Ultraviolet (UV) radiation from the sun is nothing to scoff at, especially if you have fair skin and live in an area where the summer sun can be unbearable. Living in an elevated area exposes you to more intense sunlight and higher concentrations of UV — making sun damage all but inevitable.
The Sun is Your Skin’s Worst Enemy
Nothing ages your skin faster than UV. Sun damage is the leading cause of visible skin aging — but it can also lead to more serious problems. Dangerous UV can penetrate into your skin, reducing its collagen and elastin content. Both collagen and elastin are essential in keeping your skin looking young — preventing sagging and keeping your skin flexible. UV radiation is also associated with hair loss — including your eyebrows and other facial hair. Chronic UV exposure also damages your skin at a deeper level — affecting its DNA and increasing your chances of developing skin cancer and melanomas. In fact, Utah has one of the highest rates of skin cancer and melanoma in the nation. Utah’s elevation exposes you to higher concentrations of UV — up to 20 percent more in cities like Salt Lake City and Ogden to 50 percent more in Park City and Alta.
Avoid Dangerous UV Radiation
It won’t be possible to stay away from the sun forever, but you can take measures to protect yourself from dangerous UV. Protective clothing can limit your skin’s exposure to the sun. Most melanomas develop on the face, so make sure to wear a hat when it is particularly sunny. Apply sunblock if you can’t avoid the sun — but keep in mind that its effects only last for a couple of hours. If you’re going for a long walk, bring an umbrella to block the sun. Sunlight can also damage your skin without your knowledge. Those few minutes of driving to work every day expose you to UV — and the damage to your skin accumulates. Research in the US and the UK have reported that driving was one of the primary causes of chronic UV exposure. Protect yourself by lining your car’s windows with UV-filtering film and make your daily drives a lot safer.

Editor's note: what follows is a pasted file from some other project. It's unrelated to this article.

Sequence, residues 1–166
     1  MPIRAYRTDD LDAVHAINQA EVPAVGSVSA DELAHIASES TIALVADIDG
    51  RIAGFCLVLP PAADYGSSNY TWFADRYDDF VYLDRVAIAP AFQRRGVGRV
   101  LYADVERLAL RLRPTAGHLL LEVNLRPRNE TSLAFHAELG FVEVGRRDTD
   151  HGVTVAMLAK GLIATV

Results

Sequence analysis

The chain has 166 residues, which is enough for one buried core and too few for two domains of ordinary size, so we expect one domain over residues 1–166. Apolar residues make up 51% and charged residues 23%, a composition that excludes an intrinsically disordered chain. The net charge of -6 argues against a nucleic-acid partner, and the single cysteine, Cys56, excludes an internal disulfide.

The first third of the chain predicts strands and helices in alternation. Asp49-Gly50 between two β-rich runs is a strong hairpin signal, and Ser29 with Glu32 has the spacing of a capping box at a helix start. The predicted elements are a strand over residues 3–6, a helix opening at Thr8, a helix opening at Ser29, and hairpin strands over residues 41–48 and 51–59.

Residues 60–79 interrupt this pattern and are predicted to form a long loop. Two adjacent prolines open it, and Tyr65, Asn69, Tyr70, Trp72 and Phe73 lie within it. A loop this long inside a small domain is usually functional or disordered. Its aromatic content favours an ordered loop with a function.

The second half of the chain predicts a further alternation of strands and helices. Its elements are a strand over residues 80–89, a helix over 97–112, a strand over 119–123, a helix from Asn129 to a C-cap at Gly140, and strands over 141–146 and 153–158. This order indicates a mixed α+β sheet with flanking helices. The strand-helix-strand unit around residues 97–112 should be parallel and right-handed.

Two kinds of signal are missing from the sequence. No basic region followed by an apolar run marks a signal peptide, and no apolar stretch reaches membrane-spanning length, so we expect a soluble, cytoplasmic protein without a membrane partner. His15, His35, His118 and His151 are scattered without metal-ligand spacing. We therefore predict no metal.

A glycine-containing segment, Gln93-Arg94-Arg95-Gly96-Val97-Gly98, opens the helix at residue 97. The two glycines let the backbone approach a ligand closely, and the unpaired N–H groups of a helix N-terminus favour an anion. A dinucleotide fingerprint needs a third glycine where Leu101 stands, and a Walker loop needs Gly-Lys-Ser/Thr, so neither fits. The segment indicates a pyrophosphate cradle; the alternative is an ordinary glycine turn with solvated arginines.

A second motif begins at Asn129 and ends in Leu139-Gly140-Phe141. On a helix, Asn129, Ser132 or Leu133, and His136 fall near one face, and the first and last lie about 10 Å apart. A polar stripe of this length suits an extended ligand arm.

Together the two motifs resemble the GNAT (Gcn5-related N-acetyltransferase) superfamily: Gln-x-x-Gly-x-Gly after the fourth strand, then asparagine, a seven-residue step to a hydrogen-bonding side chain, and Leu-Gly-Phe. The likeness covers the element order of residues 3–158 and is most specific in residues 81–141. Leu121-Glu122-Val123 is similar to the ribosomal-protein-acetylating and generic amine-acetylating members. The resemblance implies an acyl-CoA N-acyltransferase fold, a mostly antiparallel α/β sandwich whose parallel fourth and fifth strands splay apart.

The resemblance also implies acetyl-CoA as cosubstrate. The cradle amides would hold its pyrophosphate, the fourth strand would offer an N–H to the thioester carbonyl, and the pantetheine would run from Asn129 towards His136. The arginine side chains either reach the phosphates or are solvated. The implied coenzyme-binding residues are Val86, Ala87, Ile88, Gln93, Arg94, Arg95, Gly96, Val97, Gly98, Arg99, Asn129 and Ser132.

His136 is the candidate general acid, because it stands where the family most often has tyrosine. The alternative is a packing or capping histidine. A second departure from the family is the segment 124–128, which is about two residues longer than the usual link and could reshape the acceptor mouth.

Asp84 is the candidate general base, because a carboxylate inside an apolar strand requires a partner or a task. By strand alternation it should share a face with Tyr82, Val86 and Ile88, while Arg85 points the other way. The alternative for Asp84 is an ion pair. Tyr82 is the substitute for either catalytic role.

Managing Sun Damage
Skin aging from sun exposure is mostly reversible, but you may need to have cosmetic procedures for more permanent damage caused by melanomas or to manage hair loss. Add a bit of sulfur into your diet with meat, poultry, legumes, nuts, eggs, and dairy. Sulfur aids in your body’s production of collagen as well as in maintaining its natural pigmentation. Drink lots of water and use moisturizing creams on your face. Massaging your face also stimulates the growth of elastin and collagen. Hair loss is permanent, so you might want to consider permanent makeup to make your eyebrows look thicker and micro-pigmentation for your scalp. Skin cancer and melanoma surgery can leave unsightly scars, but concealers can hide all but the most serious of them. You can also opt for minor reconstructive surgery if you want a more permanent solution.
Like it or not, the sun is a constant part of your life. However, you can take measures to protect yourself from the sun and avoid UV damage.